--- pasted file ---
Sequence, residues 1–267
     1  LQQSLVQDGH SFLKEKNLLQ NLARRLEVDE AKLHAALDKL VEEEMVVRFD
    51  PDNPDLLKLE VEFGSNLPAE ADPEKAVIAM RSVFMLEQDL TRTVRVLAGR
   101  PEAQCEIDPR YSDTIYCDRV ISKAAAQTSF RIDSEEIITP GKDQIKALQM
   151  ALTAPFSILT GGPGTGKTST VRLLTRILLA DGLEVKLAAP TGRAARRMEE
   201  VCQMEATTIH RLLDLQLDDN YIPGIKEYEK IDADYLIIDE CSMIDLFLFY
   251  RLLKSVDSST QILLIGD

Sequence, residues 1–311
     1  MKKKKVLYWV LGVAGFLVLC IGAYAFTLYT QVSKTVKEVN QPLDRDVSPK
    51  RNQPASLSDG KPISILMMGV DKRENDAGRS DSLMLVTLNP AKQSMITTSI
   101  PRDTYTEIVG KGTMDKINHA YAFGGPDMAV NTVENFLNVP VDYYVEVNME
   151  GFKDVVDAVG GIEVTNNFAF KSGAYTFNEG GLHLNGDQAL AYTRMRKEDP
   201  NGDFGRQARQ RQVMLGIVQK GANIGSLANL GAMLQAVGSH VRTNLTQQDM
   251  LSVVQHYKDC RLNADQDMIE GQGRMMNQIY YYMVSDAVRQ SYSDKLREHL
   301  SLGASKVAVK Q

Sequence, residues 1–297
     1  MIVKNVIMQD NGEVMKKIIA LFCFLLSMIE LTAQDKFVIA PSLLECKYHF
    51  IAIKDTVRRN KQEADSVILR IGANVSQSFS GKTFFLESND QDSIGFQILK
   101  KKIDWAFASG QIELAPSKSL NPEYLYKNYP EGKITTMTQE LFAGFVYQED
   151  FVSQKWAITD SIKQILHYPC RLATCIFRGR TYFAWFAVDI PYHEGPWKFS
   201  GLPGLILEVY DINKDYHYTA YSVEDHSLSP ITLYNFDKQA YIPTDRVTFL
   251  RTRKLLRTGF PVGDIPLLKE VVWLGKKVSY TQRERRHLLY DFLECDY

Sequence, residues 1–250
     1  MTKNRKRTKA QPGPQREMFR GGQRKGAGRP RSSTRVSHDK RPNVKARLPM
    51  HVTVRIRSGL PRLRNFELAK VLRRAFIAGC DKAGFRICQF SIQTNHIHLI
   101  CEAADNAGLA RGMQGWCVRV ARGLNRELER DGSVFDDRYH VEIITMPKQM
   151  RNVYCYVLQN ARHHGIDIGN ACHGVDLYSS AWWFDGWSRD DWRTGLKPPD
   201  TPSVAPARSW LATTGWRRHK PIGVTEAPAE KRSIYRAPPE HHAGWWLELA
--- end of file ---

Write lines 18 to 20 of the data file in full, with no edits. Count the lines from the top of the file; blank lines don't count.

    51  IAIKDTVRRN KQEADSVILR IGANVSQSFS GKTFFLESND QDSIGFQILK
   101  KKIDWAFASG QIELAPSKSL NPEYLYKNYP EGKITTMTQE LFAGFVYQED
   151  FVSQKWAITD SIKQILHYPC RLATCIFRGR TYFAWFAVDI PYHEGPWKFS